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Raising the Bar in Rehab

Great Expectations for Physical Therapy

Published December 23, 2010 9:10 AM by Lisa West

As I was leaving for vacation last week my Dad called to let me know my grandmother had fallen (while taking out the recycling) and had broken her hip. She had also badly injured her shoulder when she fell, although it wasn't broken. It sounded like she was doing well, but I thought about her many times while I was gone. 

After I returned home I learned grandma had an ORIF and was discharged from the hospital to a subacute rehab facility as she was non-weight bearing for approximately 6 weeks. I called my Dad and told him I would drive to visit her and watch one of her therapy sessions.

The day I visited her was 11 days post-injury and 7 days post-admission to the rehab facility. As I have worked with many hip ORIF patients in the past, and knowing my grandmother was completely independent prior to her injury, I walked into the therapy session with some general expectations of what her mobility should look like. 

She was supervision or light min assist for bed mobility. She was able to boost herself to the edge of the bed by weight-bearing in both arms, but at times needed light assist due to weakness and pain in her left leg. She and the therapist did a standing pivot transfer to a w/c (supervision level, while maintaining her NWB status), and then she was taken to the therapy gym.

Her entire therapy session for PT was supine therex. The therapist cued her through the line of exercises -- hip abduction, adduction, straight leg raises, ankle pumps, heel slides etc. Her therapist was a very kind woman who had obviously developed great rapport with my grandparents. She was calm and very patient, taking notes and offering rest breaks when the pain became overwhelming for my grandmother. Meanwhile, my grandfather and dad are sitting in the gym cheering her on and both impressed with the progress she had made. 

I was livid, as I had expected much more out of her therapy than mat exercises. I had to confront the therapist, but in a manner that was calm and would not disrupt my grandparents' relationship with the facility.  "Have you been doing any gait training?" I asked. The therapist responded that it was difficult to do so with her sore shoulder and NWB status. 

I agreed, but pointed out that the shoulder was able to boost with bed mobility, and therefore would also do well with weight-bearing through a walker. It is the therapist's responsibility to teach patients how to maintain NWB status, not to avoid ambulation out of fear or because it is easier. Furthermore, supine therex is very rarely skilled therapy. Supine therex should be homework the patient does outside of therapy sessions. 

I brought my grandmother's walker back to the therapy gym, where we walked 6 feet x 2 trials. She maintained the NWB status and said her shoulder didn't bother her at all. "I just have to think about not stepping on my foot," she said. I nodded to my Dad and suggested that her therapy should include more walking. He agreed, but like most of our patients' families, he did not know what to expect.

I expect all therapists, especially those working with my family, to get more into a 45-minute session than a few exercises. I would hope all therapists can defend their reasoning for choosing certain interventions over others, and would target all activities towards maximizing progress.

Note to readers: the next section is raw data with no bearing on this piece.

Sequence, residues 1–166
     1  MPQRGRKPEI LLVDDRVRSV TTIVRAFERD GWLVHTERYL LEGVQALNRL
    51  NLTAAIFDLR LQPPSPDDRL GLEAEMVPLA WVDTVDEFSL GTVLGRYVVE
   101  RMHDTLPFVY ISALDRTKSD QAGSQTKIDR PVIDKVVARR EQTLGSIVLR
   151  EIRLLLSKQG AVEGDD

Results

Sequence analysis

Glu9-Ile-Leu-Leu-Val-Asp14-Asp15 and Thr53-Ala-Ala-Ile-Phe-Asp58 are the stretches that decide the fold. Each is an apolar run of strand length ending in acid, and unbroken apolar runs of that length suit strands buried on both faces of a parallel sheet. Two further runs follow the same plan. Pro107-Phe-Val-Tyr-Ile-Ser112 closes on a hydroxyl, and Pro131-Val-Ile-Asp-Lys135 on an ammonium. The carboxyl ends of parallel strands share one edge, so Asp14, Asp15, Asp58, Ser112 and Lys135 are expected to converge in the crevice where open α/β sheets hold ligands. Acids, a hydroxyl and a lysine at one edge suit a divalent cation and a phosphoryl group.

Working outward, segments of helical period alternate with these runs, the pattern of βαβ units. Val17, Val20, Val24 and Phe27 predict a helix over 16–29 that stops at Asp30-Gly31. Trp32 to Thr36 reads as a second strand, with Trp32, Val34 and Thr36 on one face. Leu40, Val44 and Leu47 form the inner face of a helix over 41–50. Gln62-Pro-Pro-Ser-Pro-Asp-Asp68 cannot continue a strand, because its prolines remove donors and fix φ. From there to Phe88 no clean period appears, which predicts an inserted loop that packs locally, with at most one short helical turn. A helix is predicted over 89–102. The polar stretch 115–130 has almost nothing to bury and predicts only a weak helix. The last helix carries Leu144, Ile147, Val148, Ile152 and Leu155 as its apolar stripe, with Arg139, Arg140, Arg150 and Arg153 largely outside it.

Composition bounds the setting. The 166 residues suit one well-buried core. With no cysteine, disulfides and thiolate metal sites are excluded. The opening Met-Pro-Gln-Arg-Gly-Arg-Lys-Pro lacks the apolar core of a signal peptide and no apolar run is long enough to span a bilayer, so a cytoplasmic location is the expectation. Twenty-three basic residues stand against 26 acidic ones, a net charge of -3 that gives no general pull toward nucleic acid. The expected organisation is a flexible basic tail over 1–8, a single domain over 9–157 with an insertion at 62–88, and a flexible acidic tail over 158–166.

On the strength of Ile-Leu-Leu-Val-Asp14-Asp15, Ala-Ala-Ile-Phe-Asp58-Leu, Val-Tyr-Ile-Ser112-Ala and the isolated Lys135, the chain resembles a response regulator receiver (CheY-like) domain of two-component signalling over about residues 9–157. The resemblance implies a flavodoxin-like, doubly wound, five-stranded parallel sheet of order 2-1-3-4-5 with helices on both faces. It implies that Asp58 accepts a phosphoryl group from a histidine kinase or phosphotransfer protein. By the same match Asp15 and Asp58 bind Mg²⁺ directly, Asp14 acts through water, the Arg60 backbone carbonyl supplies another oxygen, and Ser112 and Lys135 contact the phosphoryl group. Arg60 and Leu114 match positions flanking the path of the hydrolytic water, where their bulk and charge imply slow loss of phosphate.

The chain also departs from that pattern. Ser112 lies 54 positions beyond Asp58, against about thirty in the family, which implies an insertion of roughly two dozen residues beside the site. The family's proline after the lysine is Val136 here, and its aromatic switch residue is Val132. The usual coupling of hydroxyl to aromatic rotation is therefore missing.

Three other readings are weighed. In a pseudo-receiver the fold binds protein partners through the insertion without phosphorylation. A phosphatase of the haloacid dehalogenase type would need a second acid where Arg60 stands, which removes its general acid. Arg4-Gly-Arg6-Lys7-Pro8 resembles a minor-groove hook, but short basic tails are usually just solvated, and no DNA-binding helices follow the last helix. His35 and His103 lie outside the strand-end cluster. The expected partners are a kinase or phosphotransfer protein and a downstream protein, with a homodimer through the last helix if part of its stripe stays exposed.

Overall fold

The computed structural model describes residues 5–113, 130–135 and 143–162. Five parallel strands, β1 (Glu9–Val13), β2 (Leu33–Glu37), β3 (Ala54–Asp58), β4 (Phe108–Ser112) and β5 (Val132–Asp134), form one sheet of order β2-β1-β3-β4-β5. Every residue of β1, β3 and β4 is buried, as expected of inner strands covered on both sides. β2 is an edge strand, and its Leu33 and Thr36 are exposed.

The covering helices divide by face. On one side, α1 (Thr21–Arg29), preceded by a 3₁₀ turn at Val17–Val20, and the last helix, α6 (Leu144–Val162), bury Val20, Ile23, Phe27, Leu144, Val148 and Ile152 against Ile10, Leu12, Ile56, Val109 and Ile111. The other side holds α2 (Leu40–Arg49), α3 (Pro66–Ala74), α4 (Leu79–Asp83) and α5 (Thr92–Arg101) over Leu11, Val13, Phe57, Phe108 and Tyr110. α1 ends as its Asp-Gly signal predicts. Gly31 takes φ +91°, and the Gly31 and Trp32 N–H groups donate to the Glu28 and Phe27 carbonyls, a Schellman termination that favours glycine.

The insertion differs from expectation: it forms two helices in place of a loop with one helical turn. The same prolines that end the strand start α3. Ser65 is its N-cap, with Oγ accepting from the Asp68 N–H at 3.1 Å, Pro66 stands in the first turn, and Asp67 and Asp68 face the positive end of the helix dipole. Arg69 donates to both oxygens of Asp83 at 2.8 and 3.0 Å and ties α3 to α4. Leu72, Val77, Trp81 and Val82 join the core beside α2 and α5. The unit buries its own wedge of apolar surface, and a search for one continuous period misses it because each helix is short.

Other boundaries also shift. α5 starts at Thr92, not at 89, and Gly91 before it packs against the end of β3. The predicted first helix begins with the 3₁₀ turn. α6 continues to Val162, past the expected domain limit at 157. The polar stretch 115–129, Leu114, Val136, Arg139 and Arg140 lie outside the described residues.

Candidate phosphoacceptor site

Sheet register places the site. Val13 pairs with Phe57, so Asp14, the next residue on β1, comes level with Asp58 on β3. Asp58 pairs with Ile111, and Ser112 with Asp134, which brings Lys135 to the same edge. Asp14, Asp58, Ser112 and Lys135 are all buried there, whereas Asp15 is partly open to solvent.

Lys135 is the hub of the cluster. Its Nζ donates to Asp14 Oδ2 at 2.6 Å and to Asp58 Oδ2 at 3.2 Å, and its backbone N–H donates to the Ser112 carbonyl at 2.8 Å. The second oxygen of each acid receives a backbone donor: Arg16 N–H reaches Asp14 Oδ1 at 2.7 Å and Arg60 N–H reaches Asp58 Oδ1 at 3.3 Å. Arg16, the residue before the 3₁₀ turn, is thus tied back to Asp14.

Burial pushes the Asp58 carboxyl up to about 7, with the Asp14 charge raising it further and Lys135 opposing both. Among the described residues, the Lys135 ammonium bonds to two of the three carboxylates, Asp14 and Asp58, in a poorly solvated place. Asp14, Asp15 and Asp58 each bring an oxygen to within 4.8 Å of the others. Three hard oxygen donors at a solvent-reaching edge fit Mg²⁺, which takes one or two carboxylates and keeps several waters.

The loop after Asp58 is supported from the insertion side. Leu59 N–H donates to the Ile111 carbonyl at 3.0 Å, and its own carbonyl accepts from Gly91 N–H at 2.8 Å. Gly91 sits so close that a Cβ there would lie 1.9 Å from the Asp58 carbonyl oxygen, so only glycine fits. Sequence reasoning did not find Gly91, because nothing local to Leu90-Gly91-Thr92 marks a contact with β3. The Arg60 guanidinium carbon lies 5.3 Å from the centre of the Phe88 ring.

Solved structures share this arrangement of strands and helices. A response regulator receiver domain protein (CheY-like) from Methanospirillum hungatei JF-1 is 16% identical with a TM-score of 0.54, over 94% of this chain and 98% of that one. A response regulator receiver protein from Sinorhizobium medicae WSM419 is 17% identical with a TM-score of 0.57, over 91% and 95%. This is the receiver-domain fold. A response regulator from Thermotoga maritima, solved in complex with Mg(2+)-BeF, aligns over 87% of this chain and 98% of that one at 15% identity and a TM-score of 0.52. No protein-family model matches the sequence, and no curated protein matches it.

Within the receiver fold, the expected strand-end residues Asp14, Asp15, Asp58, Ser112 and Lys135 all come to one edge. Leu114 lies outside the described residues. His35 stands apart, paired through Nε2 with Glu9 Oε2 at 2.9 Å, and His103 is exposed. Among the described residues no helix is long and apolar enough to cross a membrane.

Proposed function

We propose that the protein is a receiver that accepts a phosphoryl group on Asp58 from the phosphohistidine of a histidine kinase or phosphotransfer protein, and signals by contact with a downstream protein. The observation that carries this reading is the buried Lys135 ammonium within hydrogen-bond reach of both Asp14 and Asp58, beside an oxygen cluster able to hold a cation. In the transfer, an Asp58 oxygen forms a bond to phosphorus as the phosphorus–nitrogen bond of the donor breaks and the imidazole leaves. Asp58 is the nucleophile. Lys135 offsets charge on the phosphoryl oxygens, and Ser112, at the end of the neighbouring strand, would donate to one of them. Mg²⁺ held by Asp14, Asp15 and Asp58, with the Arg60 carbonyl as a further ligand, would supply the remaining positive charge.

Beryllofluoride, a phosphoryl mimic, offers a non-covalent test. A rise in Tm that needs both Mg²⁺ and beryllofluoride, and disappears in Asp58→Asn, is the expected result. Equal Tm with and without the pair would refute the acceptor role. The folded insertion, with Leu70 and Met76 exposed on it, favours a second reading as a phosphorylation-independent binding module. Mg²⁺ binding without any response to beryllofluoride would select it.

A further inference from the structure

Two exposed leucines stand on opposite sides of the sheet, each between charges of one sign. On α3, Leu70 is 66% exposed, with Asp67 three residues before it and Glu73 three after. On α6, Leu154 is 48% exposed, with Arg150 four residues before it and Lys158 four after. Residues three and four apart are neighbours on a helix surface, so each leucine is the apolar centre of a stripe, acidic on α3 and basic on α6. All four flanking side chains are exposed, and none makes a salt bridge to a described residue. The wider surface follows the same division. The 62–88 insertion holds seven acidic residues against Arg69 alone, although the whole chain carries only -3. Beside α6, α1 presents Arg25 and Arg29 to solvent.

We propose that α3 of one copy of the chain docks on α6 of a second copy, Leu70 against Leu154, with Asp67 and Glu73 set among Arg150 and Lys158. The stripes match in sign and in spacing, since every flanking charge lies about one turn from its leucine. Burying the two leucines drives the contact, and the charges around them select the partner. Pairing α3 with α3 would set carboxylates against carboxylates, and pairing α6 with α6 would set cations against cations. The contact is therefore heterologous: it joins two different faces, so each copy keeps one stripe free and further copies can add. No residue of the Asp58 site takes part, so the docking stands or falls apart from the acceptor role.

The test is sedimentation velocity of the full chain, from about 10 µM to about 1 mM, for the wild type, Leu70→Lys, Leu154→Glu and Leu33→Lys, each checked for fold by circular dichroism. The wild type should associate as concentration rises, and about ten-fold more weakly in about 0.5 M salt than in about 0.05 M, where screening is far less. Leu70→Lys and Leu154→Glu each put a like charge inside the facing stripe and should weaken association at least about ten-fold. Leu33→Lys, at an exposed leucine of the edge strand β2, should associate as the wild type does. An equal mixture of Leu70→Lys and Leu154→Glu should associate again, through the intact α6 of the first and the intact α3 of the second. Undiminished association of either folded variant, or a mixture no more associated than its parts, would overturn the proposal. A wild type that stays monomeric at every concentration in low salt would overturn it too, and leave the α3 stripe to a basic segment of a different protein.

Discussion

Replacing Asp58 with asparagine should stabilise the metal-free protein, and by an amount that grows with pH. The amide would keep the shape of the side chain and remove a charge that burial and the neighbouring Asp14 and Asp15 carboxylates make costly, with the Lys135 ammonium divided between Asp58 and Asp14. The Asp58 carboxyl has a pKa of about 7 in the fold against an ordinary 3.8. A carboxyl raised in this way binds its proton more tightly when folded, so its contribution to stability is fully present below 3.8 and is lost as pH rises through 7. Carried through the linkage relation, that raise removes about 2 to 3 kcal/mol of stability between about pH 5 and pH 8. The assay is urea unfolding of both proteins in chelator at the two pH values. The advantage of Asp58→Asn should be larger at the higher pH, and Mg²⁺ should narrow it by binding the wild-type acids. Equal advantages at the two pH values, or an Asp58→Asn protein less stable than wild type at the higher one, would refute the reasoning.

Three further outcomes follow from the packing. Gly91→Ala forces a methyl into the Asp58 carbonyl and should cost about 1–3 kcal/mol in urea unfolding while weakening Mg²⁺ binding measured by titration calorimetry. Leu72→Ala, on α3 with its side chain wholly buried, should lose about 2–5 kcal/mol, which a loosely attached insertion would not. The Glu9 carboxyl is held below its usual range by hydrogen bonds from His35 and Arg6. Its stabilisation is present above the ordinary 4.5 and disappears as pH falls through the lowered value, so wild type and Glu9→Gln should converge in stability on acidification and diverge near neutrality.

*I suppose I should disclaim here, that my feelings are obviously magnified by the fact that I am related to the patient. Secondly, I don't know all the details of her case -- I have not read her chart. Finally, I don't know the details about the facility she is at, their policies or relationship with physicians. I am writing my perspective as I see it, regardless of my biases or pieces I may be missing.

3 comments

Lisa,

You are right, more needs to be done to call mat exercises skilled therapy.  For a quick warm up yes, then get to the gait training/functional mobility that a person needs to get back home.  I am glad you spoke up, I wish more families would.

jason Marketti December 24, 2010 1:01 AM

Lisa - I totally agree with Dean. I always have told my students "Treat every patient like they were your mother". That perspective will always drive you in the right direction - not too easy to be non-constructive and certainly not too hard to cause any harm or unecessary discomfort. As I get closer to retirement, I keep thinking that a good part-time job would be a Medicare auditor to keep routine, repetitive, non-skilled exercises from draining the health system. Don't ever shy from asking questions of other PT's, but do respect their experience. Maybe they were burned once or twice by the enthusiasm you feel. I pray for full recovery for your grandmother and keep up the excellent writing - Al D.

Al DiMicco December 23, 2010 8:31 PM

Lisa, it is fascinating to watch you grow as a professional. Kudos to you for maintaining a professional air when dealing with the other PT. Even more Kudos for speaking up for your grandmother.

You have learned an important lesson by watching your father and grandfather. Even with a PT in the family, they don't know what to expect, what questions to ask, or how to appropriately engage health providers. Imagine how many patients and families out there don't have someone like you, and what happens as a result of that!

The points you raised were completely appropriate. Well done!

I hope your grandmother has a quick and thorough recovery.

Cheers, Dean

Dean Metz December 23, 2010 2:20 PM

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